By Kathryn Rice
“I saw a need,” said Caitlin Kinman, Maryville Public Safety (MPS) dispatcher since September 2015. “I saw a potential problem area for the department and the citizens of the community.”
To address that problem area, Kinman developed Communication Awareness and Safety Procedures for Emergency Responders (CASPER).
“As the number of individuals with cognitive and developmental disabilities increase, we at MPS would like to become more informed and trained on the best approach to situations that may arise,” she said. “Emergency responders continually go through a great deal of training to keep our beautiful community safe.”
With the CASPER program, MPS will have more extensive training and education for dispatchers and emergency responders. Using the information submitted voluntarily for cognitive and developmental disabled individuals, MPS can customize safety tools that benefit both the CASPER member and emergency responder.
CASPER members or their loved ones are asked to voluntarily provide information which will be kept within the MPS dispatch center’s computer system. Vehicle and address information for these individuals will allow dispatch to inform responders that an individual with cognitive or developmental disability may be present.
Information such as triggers, dislikes, calming techniques and reactions to adverse stimuli will allow the responder to avoid meltdown behaviors.
Kinman developed the acronym CASPER after “a long, long night.”
“It fits,” she said. “A lot of the symptoms are ghost like. Responders have the risk of interaction with someone who is putting their or their partner’s life at risk. They need to know the individual is cognitively or developmentally disabled and how to respond in the situation.”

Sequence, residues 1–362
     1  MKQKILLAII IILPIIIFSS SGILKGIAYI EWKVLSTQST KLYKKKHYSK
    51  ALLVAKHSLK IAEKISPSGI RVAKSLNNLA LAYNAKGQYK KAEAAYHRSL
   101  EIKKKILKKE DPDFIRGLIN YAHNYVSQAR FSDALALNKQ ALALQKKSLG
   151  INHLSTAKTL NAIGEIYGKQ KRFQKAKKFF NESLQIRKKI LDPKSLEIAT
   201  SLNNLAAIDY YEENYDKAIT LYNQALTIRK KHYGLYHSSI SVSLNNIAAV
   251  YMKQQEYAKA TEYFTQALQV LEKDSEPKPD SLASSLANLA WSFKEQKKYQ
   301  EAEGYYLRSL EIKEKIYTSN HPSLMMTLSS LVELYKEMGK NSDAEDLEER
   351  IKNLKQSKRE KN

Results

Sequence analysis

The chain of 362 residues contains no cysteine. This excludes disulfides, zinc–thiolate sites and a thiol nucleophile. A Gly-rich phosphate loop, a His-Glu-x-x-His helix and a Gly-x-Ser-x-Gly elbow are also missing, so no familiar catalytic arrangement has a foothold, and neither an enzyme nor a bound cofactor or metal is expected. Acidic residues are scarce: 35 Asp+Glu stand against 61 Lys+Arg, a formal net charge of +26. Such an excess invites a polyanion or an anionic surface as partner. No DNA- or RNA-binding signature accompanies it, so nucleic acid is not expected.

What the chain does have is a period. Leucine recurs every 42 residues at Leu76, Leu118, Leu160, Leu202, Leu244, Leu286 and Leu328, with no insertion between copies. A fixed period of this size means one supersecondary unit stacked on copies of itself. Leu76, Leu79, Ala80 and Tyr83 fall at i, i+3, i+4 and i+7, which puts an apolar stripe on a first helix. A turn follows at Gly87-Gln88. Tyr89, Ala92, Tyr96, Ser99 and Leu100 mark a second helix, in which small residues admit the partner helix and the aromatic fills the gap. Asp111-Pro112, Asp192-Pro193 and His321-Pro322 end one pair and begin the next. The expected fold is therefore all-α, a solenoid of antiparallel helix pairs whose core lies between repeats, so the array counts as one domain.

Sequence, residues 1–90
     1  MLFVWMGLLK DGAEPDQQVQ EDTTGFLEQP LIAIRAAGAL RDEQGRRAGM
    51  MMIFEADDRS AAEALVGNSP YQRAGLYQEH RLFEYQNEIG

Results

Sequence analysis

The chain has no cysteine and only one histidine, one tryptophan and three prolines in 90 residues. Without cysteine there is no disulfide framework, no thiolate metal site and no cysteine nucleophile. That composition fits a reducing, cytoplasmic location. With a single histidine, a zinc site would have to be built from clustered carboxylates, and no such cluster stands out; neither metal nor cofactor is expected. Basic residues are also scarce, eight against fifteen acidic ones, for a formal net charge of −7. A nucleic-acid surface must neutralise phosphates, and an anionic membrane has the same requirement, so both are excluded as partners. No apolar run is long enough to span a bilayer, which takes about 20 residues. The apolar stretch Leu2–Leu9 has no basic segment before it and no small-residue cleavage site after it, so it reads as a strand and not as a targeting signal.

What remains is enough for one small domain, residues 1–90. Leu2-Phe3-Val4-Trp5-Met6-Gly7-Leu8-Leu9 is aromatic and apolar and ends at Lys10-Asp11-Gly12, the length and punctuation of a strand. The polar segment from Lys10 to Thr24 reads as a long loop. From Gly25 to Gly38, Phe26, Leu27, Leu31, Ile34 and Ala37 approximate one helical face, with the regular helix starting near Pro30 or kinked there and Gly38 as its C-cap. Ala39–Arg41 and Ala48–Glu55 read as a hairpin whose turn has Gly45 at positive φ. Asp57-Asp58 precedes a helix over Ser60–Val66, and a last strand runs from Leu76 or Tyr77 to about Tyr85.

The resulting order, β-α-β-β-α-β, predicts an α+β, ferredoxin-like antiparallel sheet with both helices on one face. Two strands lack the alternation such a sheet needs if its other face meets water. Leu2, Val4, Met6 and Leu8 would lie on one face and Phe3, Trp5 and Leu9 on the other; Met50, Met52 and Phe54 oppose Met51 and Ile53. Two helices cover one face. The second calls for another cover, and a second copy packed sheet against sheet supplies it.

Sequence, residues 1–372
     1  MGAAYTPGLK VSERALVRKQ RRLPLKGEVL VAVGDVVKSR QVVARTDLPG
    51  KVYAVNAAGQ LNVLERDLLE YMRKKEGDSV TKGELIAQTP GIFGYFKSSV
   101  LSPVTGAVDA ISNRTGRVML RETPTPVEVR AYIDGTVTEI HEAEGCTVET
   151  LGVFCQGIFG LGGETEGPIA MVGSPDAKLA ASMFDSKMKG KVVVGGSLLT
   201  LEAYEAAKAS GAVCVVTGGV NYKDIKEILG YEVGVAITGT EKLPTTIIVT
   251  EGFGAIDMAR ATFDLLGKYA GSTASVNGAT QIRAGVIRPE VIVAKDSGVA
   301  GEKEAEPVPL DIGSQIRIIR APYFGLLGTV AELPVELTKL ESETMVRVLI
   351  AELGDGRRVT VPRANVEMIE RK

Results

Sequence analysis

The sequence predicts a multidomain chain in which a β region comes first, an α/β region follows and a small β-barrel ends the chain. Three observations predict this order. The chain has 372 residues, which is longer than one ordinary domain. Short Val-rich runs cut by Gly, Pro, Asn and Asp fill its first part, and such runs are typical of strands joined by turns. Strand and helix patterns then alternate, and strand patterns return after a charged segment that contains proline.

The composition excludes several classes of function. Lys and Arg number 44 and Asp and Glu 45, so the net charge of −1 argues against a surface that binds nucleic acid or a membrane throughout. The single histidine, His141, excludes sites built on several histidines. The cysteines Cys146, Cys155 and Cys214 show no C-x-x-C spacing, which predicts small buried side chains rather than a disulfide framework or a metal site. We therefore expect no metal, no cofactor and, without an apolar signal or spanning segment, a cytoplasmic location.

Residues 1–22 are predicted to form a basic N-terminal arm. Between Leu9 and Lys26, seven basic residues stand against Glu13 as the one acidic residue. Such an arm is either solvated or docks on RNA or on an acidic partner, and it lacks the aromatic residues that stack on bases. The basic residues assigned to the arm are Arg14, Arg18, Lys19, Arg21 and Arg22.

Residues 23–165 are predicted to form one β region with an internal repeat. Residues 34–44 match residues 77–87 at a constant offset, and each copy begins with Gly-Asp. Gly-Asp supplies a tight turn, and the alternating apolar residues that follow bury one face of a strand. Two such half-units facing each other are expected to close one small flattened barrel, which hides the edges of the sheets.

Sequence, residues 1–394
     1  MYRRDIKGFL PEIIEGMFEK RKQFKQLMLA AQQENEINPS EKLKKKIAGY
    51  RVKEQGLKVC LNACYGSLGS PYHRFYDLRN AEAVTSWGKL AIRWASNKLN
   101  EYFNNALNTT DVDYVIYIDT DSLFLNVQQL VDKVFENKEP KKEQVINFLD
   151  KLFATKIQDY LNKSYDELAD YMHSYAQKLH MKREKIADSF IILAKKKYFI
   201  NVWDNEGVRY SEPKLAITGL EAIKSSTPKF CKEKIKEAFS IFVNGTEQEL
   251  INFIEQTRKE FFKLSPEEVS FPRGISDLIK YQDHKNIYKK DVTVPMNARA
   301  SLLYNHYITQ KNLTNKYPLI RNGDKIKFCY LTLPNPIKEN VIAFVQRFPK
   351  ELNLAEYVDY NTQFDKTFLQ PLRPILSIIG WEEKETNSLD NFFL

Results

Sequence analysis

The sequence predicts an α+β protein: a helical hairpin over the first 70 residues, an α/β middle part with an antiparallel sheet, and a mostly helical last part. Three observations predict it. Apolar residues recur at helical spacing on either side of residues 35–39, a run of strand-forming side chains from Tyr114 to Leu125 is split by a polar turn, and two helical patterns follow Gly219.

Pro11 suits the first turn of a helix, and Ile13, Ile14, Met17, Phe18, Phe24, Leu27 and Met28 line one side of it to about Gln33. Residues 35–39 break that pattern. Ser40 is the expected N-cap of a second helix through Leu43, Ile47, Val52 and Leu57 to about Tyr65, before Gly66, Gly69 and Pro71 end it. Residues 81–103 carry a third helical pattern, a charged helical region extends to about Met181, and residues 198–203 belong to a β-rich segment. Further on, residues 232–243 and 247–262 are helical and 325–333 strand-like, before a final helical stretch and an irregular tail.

Her mother, Pat Kinman, taught Title I math for 30 years at Eugene Field Elementary. She grew up in the classroom during the summers learning to communicate with different individuals. This background allowed Caitlin to understand the dynamics of responders and the disabled in emergency situations.
Local families fear that in an emergency situation, their loved one would not react well, which could cause an escalating challenge for the emergency responders. For instance, if it is known that individuals like to hide in small spaces, then fire personnel will know where to look for them.
Or if a child likes to wander or if it’s known the places they go or like, finding them will be easier and faster. An individual has volunteered to map wooded areas and water in the area to facilitate emergency personnel’s discovery.
CASPER club members will receive a personal identification card, three vehicle cards and window clings, two home window clings and a CASPER Club T-shirt.
Kinman is hoping to raise $5,000 to get the project underway. She made her first presentation to the NOCOMO board of directors, who agreed to become Platinum Plus members by donating $500, plus $10 for each NOCOMO worker, who signs up.
Kinman is willing to talk to parents, schools, service organizations and churches about her program and to seek financial assistance. She wants the program to be functional by the time school starts. She plans to be at the Nodaway County Fair to spread information about CASPER.
The CASPER packets are available at Maryville Public Safety, 222 East Third Street, Maryville. For more information, contact Kinman at 660.562.3209 or email@example.com.